iPhone 4 costs $188 in parts: How ISuppli comes up with estimates
Apple's new iPhone 4, with its sleek glass and metallic design, two cameras, high-quality display and faster processor, is composed of $187.51 in parts, according to preliminary estimates by the gadget analysts at ISuppli.
As it does for many high-profile technology product releases, the El Segundo research firm broke open the iPhone 4 -- not unlike IFixit's quick "teardowns" -- to see what makes it tick.
ISuppli then compares the parts to the company's internal price listings to come up with a final figure that doesn't include assembly, shipping, software development, patent licensing, advertising or any of the other expensive factors associated with a major product launch.
While a more thorough analysis is due from the company by the end of the week, its early estimates find the guts of the 16-gigabyte version may cost Apple slightly less than the upfront price of the phone. At retail, the 16-gig iPhone 4 costs $199 with a two-year AT&T contract, which subsidizes some of the hardware costs.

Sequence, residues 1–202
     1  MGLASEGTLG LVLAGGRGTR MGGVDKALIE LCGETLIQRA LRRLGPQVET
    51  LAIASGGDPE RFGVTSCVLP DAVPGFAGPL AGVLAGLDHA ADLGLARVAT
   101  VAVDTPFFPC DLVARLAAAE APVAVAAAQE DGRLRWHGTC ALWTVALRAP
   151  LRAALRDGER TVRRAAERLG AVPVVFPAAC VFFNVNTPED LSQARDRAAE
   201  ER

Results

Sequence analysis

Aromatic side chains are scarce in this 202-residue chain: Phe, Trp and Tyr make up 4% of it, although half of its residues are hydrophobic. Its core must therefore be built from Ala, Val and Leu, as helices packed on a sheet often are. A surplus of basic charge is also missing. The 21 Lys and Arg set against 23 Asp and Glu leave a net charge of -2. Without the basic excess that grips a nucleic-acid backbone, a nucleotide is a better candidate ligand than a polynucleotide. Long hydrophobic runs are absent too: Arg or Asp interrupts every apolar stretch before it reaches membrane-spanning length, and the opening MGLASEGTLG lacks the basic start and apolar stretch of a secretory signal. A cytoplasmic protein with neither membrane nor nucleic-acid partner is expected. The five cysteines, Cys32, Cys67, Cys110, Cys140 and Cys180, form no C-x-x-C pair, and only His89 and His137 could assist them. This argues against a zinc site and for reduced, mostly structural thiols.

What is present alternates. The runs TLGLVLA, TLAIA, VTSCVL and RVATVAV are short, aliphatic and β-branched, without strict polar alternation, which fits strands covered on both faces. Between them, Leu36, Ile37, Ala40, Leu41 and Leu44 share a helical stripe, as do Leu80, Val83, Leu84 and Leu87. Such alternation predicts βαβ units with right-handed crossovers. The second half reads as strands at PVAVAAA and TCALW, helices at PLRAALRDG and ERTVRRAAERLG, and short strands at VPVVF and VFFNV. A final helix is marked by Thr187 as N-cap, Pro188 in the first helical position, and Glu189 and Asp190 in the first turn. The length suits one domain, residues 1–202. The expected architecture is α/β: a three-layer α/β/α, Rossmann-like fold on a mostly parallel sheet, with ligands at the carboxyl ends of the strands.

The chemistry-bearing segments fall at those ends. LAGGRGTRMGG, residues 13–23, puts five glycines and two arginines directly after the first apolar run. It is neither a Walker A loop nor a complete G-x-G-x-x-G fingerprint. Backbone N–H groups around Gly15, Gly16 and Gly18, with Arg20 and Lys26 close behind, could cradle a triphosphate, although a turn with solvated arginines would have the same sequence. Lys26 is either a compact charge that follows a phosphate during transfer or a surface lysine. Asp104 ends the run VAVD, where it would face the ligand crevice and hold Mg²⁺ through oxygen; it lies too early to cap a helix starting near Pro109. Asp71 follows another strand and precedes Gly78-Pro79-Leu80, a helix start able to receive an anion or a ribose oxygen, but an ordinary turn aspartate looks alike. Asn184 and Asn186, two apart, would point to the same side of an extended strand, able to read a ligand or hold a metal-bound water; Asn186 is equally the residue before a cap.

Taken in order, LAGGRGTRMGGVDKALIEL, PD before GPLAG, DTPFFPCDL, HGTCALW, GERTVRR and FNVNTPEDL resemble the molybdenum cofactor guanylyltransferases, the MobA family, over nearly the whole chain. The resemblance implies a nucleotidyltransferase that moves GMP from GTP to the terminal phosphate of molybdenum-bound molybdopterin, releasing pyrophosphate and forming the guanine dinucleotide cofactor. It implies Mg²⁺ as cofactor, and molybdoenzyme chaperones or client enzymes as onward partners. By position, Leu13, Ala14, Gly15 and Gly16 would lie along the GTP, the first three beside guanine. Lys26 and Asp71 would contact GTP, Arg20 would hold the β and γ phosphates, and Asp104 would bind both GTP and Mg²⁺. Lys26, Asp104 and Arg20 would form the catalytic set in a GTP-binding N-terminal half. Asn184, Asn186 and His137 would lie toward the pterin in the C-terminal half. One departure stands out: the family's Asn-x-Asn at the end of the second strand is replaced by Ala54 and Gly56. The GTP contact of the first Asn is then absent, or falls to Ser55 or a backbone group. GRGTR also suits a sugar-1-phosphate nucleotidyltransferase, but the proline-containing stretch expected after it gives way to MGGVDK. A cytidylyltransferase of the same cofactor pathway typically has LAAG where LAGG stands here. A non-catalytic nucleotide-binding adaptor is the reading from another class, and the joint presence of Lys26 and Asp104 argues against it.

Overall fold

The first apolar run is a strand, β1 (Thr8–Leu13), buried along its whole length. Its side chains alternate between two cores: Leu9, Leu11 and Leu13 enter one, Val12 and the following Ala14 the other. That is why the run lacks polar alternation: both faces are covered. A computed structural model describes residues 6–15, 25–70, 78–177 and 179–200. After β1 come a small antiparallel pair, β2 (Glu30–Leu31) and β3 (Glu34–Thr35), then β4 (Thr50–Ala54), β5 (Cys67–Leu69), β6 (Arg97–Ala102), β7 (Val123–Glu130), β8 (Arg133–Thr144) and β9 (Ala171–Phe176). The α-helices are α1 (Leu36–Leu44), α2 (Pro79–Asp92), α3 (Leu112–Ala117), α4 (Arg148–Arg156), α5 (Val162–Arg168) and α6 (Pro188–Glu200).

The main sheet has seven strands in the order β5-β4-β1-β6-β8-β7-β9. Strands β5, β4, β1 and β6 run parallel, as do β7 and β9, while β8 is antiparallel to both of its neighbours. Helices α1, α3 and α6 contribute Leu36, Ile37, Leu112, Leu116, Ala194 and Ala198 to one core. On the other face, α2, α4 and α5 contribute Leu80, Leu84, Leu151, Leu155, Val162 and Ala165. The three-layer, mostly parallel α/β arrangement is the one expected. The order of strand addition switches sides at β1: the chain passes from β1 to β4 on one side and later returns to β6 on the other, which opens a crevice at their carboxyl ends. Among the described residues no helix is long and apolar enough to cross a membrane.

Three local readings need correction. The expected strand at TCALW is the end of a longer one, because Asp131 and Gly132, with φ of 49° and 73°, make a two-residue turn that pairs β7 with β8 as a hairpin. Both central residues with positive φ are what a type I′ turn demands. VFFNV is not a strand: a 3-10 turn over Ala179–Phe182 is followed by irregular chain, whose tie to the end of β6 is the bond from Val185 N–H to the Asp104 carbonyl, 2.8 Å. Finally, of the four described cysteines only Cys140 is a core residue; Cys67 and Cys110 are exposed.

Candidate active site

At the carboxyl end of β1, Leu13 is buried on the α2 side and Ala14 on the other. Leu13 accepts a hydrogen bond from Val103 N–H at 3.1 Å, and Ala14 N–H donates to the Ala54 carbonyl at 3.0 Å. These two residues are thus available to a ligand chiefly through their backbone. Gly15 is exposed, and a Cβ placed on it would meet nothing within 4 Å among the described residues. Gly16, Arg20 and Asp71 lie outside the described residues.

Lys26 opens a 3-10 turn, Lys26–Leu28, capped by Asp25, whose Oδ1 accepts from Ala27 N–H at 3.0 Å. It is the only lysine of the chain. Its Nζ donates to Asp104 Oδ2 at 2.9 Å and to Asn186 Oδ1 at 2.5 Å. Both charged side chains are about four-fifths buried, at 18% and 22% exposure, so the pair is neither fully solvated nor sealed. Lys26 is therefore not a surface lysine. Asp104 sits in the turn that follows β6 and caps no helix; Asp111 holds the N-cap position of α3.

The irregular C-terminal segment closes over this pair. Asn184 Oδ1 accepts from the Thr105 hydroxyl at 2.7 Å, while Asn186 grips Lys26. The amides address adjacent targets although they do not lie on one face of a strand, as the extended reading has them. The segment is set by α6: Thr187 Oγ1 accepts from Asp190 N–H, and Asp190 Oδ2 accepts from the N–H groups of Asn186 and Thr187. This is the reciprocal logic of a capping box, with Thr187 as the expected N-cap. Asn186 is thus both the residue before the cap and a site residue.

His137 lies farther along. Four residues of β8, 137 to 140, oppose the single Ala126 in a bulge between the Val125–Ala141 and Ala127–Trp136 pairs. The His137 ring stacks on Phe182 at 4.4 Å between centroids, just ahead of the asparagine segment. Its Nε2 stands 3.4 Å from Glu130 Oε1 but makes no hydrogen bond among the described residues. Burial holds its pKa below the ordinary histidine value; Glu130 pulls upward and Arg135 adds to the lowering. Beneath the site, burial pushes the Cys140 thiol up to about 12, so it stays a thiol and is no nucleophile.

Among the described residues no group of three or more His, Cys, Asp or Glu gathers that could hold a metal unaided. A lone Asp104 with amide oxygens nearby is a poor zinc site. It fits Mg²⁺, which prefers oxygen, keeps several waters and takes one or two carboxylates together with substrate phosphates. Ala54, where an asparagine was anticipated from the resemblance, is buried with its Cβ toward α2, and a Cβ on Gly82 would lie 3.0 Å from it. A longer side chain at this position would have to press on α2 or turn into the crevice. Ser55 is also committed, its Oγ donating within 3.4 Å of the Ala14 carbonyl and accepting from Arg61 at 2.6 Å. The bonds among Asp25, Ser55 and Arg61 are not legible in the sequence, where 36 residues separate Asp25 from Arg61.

Apple announced that 1.7 million iPhone 4 units were purchased in the first three days since the Thursday launch in five countries. That's despite early complaints that holding the phone a certain way would hinder cellular reception.
The Times profiled another teardown expert, the San Luis Obispo IFixit, last week, which was, as usual, first out of the gate with a look at the new Apple product's insides. Co-founder Kyle Wiens explained that, unlike ISuppli, his crew doesn't estimate parts costs due to factors like Apple's A4 processor, which cannot be bought by outside manufacturers and therefore can't be quantified with a price tag, he said.
But everything has a price, and ISuppli has its educated guesses -- based on the work of 120 analysts around the world with connections inside the industry.
That A4 chip? $10.75 a pop, ISuppli says.
True, ISuppli doesn't know exactly how expensive the research and development Apple and chip maker Samsung Electronics put into it is. But the analysts, with the help of comparative prices of similar processors plucked from the firm's Component Price Tracker, can make a pretty good guess, according to ISuppli Director Andrew Rassweiler.
"A lot of the development cost is absorbed by Apple," Rassweiler said on the phone last week. In return for the initial hit, Apple gets a silicon organ that uniquely suits its mobile products' speed and power-consumption needs. (The A4 is also used in the iPad.)
"Our estimate is always based on what an Apple or another manufacturer would actually pay for the part," Rassweiler added. For that information, major players in the phone and computer industries, which ISuppli would not name, subscribe to its in-depth reports.
-- Mark Milian
Photo: iPhone 4 teardown. Credit: IFixit